Ayesha takes a look at a nation in a proper state

Ayesha Hazarika. Picture by Steve Ullathorne.Ayesha Hazarika. Picture by Steve Ullathorne.
Ayesha Hazarika. Picture by Steve Ullathorne.
Since Ayesha Hazarika spoke with The Guide, odds are she's had to rip up a fair bit of her show and start again.

The stand-up comic, turned political advisor, who has reverted to comedy, is on the road with her new show State of The Nation, which looks back at her own time in Westminster, while also casting a satirical eye over the current political climate.

When we spoke, in what now seems like a different era, Theresa May had only recently announced the snap election.

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She says: ‘The PM has been very thoughtful in announcing a snap election as I launched my tour about politics – although I was slightly cursing her – as a stand-up I thought I had all my material locked down and then, boom.

‘I came on stage with my script that evening and just ripped it up and said: “Welcome to my day”.

‘I’m doing everything with one eye on the news and thinking how it’s going to effect the show.’

Ayesha spent nine years as a senior special advisor to Harriet Harman and Ed Miliband, and even ran, unsuccessfully, as a parliamentary candidate in 2010. But when Jeremy Corbyn won the Labour leadership race in 2015, she decided it was time to leave.

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‘That was like a natural jumping point. When a new leader comes in they want to bring in their own team and if you were closely associated with someone else, then it’s curtains for you.

‘But I had been doing that role as a political advisor for about nine years which is a pretty good innings. I didn’t really have a massive plan that I would do the commentating and stand-up thing. The political commentating has come up quite organically, I was invited to write a couple of things and appear on some shows and it’s gone from there.

‘But the stand-up thing was funny, there’s this wonderful woman, Jude Kelly who runs the South Bank Centre, and back in 2015 she made a bit of a bet with me when we were doing something for International Women’s Day. She said, look if you don’t win the general election, you should think about doing something artistic on your time in politics – there are not many women who’ve talked about their time in politics. And at the time I was like (she gives a big forced belly laugh) “Ahahaha! We’ll win the general election and I shall be in 10 Downing Street with prime minister Ed Miliband”.’

She pauses.

‘That obviously didn’t happen.’

Before taking a rather sharp turn into politics, Ayesha had been carving herself out a career as stand-up. Had she missed the stand-up while politicking?

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‘I didn’t really have time to, being in frontline politics is so all consuming, but I did vicariously live out my comedy through senior politicians like Ed Miliband and Harriet Harman, I would write speeches for them and do prime minister’s questions and conference speeches. If you ever heard a dodgy joke in any of those it may have had my hand in it.’

Unsurprisingly perhaps, Ayesha found her joke-writing skills in demand from quite a few MPs.

Humour is really important in communication and politics – a good joke could really cut through and make a good point.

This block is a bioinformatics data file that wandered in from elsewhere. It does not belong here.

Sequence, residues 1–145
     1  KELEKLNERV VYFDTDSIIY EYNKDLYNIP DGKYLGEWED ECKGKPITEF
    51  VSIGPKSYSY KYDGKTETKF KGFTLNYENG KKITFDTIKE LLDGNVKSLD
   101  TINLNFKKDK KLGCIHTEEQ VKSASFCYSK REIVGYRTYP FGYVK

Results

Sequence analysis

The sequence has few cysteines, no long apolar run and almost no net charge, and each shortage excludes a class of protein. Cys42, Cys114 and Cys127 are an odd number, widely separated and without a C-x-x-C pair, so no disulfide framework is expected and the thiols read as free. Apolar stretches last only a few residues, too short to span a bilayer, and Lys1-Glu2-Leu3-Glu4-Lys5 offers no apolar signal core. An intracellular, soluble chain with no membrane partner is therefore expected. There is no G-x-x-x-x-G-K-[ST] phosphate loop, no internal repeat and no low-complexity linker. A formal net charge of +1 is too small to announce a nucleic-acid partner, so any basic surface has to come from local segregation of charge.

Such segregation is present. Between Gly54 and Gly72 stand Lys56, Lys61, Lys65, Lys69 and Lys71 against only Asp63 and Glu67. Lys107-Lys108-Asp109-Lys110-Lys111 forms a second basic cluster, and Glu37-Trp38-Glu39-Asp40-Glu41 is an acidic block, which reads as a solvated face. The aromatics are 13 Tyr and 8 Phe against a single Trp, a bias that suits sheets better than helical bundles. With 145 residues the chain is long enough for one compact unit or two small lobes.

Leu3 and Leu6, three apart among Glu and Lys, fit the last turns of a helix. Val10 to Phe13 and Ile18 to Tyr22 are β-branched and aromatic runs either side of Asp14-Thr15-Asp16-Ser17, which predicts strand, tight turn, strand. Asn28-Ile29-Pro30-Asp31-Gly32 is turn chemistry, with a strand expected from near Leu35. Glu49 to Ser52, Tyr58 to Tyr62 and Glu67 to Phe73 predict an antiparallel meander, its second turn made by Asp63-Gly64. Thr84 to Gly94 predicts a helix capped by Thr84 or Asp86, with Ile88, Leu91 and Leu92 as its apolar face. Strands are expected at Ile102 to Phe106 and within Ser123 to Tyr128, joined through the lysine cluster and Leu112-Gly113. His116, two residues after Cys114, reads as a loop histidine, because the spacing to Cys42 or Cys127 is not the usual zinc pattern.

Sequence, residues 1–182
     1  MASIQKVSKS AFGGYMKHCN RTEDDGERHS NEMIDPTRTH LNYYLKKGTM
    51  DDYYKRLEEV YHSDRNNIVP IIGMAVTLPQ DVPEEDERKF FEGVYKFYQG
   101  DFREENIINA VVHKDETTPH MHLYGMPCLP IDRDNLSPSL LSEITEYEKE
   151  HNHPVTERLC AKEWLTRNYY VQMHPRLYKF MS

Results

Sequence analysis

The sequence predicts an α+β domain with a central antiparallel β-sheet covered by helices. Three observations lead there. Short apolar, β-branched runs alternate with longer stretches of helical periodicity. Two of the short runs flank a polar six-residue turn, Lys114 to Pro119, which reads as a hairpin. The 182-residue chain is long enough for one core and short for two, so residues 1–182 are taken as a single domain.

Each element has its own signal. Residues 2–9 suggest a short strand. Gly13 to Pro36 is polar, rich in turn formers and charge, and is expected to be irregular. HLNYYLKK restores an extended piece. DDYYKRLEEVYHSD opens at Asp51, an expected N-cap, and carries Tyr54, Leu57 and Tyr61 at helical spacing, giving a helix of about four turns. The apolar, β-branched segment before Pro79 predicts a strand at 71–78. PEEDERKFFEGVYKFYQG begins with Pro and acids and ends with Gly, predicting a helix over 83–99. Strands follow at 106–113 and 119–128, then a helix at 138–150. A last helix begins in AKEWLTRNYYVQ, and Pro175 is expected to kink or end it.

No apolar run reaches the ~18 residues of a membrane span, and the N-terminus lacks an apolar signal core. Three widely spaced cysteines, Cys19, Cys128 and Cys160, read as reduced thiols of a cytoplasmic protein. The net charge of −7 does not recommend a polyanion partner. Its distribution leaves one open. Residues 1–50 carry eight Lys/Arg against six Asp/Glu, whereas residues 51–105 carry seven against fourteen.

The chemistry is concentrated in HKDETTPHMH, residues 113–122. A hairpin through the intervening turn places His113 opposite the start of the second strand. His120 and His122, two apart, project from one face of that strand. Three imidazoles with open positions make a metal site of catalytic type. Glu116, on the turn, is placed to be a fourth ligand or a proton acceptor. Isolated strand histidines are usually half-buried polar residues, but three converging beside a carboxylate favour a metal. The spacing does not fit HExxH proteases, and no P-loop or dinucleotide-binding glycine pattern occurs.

‘It makes you look good and competent, I think it’s something a lot of politicians try to do, but it does take a lot of work and sometimes let’s just say that the delivery machine doesn’t work so well.

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‘I would get people say I’m off to deliver a speech, can you text me a gag? To do a good political joke though, you’ve got to work quite hard at it, and it’s got to be in your voice and have a political truth about it. We did have some good ones. When Harriet Harman did her first ever PMQs against William Hague, we worked up a good gag. She’d got herself in a bit of a pickle – she’d been pictured in her own constituency wearing a stab vest, and we knew he was going to have a go at her about it, so we came up with this joke about not taking fashion advice from a man wearing a baseball cap. It’s not the best joke, but it worked well there.

‘The stuff that went well, I’d take credit for, the stuff that didn’t was all them – but now I’m doing stand-up I can’t blame anyone else!’

And she’s looking on the bright side of the shifting political sands and its effect on her own show.

‘It’s actually quite good, given that it’s a show about politics. Although a fair bit of it is retrospective, it’s good to keep sharpening it up. It’s nice for people to come along and see something that’s current, and I’ll be reflecting on some of the things that have happened recently.’

Can she see herself going back in ‘the bubble’?

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‘Never say never, but at the moment I’m very much focussed on my show and I’m actually writing a book. And having been in the Westminster bubble for nearly 20 years – I was a civil servant before I was a special advisor. It’s probably quite good to be out of it for a bit and to see things from another perspective.

‘I massively love politics and I think when you’ve done it like I have, it’s in your blood.

‘It’s a great privilege to give your opinion about politics. When you’re a background person, like I was and you’re very much behind the scenes, you craft what someone else is going to say. It’s quite nice to have my own voice after all this time. It’s quite liberating to not have to think: what is the line?’

Ashcroft Arts Centre, Fareham

Thursday, July 6